Negative Space #4
Negative Space #4 (of 4)
Writer: Ryan K. Lindsay
Artist/Cover Artist: Owen Gieni
Letterer: Ryan Ferrier
“My father used to have a saying, whether he was winning or losing. At the end of the game, all the pieces go back in the box.” -Negative Space #4
Negative Space #4 brings a peculiar ending to an outstanding comic. It’s a touching note that drives readers to think. To contemplate. While we might not live in a world threatened by monsters lurking in the depths of the oceans who thrive on our despair, we do live in a world that can be filled with pain and tragedy. And in that world, there are people who profit off of that pain. Hope can be the fleeting moment of victory that disappears in the face of reality. In the end, one person’s tragic end can mean happiness for all. So is the greater good really worth it? The fact that a comic can fire up deep questions like that is truly a mark of success. With Negative Space, Ryan K. Lindsay and Owen Gieni have hit a homerun.
In this final issue of the series, our main hero, Guy, stands on the precipice of taking down Kindred. Kindred is the very company orchestrating the world’s pain in order to fend off an unstoppable horde of monsters that lurk beneath the oceans. Guy himself is no stranger to despair, but he’s gone from suicidal, washed-up writer to the world’s savior. All he has to do is finish the job. Alas, that’s when the sucker punch comes.
It’s interesting how this series starting on such a dark note, swelled to a bright moment of hope and happiness, and then plunged darker than ever before. Guy has to make a decision, one of the greater good: take down Kindred and rid the world of this manufactured depression, or embrace it and lead their cause to victory? It’s sad, and yet it’s thought provoking. Guy becomes the hero, but there’s no happy ending. With a strange tale of horrific beasts, Ryan Lindsay does more to show the ugly face of reality than any normal fictional story could.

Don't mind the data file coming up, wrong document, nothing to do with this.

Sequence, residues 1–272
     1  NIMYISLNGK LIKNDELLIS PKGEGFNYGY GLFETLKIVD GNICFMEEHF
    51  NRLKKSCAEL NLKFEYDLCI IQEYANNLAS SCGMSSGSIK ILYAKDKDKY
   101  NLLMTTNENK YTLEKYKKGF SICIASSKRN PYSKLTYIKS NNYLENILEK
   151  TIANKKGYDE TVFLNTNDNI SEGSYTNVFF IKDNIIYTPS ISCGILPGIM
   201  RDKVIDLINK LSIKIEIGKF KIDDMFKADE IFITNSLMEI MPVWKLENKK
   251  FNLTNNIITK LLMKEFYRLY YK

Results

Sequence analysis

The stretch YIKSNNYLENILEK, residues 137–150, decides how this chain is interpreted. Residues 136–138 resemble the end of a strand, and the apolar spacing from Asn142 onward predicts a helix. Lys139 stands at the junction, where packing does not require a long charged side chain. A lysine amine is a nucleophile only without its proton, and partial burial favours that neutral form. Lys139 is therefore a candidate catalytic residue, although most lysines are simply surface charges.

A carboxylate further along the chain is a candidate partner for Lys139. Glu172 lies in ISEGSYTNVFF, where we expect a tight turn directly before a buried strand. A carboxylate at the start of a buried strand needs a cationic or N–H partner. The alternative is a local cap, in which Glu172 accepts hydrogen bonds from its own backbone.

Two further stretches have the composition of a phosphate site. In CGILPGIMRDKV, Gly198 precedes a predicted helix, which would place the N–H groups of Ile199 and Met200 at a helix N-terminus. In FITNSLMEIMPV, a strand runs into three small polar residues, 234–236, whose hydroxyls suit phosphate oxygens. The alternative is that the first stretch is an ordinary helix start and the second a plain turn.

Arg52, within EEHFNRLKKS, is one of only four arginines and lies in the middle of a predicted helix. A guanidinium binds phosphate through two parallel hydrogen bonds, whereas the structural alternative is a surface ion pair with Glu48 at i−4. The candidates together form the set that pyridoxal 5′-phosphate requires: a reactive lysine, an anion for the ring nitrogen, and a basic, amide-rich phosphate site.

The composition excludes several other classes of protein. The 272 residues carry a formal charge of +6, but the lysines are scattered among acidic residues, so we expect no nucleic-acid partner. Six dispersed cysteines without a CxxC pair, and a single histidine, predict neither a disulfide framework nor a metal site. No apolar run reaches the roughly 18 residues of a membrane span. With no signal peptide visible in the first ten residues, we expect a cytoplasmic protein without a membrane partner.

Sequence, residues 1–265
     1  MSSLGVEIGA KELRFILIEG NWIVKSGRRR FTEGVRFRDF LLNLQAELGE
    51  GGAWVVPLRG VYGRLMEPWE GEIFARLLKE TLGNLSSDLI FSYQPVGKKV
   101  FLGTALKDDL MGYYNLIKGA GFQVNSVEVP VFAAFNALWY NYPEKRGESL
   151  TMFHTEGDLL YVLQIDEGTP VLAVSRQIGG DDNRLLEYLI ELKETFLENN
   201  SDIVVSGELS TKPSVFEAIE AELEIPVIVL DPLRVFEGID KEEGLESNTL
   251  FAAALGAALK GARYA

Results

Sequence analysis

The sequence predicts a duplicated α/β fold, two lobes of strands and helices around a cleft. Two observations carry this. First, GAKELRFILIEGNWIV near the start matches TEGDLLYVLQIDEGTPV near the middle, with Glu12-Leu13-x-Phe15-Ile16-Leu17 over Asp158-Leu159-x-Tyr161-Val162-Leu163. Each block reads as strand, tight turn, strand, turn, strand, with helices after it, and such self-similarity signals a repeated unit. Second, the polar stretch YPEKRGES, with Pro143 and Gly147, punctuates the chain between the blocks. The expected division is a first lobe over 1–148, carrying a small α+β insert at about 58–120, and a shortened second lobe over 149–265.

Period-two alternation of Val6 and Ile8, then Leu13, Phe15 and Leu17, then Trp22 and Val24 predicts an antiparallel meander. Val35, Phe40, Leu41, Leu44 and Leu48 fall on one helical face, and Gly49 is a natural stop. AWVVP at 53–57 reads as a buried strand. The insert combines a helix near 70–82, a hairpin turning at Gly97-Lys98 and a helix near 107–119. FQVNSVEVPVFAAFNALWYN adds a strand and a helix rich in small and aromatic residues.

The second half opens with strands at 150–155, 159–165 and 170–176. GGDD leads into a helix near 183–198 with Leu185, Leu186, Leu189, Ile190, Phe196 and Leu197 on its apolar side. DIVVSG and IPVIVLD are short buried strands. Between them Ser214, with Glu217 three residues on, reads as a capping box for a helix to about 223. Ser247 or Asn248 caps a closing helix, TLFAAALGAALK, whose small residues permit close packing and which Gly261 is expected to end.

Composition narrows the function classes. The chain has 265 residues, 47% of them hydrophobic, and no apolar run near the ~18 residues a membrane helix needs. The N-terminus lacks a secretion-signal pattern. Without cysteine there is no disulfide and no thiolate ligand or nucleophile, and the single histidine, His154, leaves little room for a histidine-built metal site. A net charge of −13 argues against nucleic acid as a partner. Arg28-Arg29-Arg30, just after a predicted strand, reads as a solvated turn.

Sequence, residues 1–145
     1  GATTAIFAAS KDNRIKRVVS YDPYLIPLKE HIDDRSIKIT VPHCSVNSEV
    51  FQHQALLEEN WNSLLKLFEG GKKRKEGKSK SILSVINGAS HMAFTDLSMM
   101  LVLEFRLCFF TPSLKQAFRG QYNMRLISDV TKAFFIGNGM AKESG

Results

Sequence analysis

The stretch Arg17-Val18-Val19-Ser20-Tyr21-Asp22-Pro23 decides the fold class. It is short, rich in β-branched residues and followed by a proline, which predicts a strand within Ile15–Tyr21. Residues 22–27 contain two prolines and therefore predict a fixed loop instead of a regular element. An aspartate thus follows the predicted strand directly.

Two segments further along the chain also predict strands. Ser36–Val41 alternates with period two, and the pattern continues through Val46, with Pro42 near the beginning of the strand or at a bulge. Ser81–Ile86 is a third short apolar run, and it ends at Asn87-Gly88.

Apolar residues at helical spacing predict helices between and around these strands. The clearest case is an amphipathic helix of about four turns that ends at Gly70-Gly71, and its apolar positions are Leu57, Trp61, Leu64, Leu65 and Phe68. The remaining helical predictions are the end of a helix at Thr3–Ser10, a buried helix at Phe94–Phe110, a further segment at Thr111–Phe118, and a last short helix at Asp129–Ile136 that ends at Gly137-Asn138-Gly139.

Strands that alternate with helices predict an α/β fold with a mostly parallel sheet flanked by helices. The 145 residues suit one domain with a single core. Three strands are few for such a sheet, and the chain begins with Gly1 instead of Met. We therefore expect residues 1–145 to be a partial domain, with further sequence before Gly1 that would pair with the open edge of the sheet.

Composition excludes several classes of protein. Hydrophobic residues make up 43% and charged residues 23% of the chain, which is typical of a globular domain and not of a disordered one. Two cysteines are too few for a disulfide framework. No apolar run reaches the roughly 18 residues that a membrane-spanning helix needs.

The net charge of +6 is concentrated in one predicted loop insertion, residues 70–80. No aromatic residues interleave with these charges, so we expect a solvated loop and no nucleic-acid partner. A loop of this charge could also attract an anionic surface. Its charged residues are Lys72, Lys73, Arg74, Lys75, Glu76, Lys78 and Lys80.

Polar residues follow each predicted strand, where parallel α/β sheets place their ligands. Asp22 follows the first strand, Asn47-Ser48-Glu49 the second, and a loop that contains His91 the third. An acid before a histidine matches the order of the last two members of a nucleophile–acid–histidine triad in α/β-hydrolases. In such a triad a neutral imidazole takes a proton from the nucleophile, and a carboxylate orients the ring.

Putting the dot on the exclamation point is Owen Gieni’s beautiful artwork. From the tragic faces of Guy, to the horror of the world, he captures the emotion of the story and brings it to vivid life, magnifying the words and the message. It’s the capstone of the story and the selling point. From beauty to despair, it’s all captured wonderfully.
With these four brief issues, Negative Space #4 does more than many comic series can do with 12 or more issues. Furthermore, it tells a story that can withstand the test of time. Whether on a visual level or an intellectual one, this series strikes a chord and raises the bar. I give both this issue and the series as a whole a five out of five metal bikinis.
Reviewed By: Skuldren for Roqoo Depot.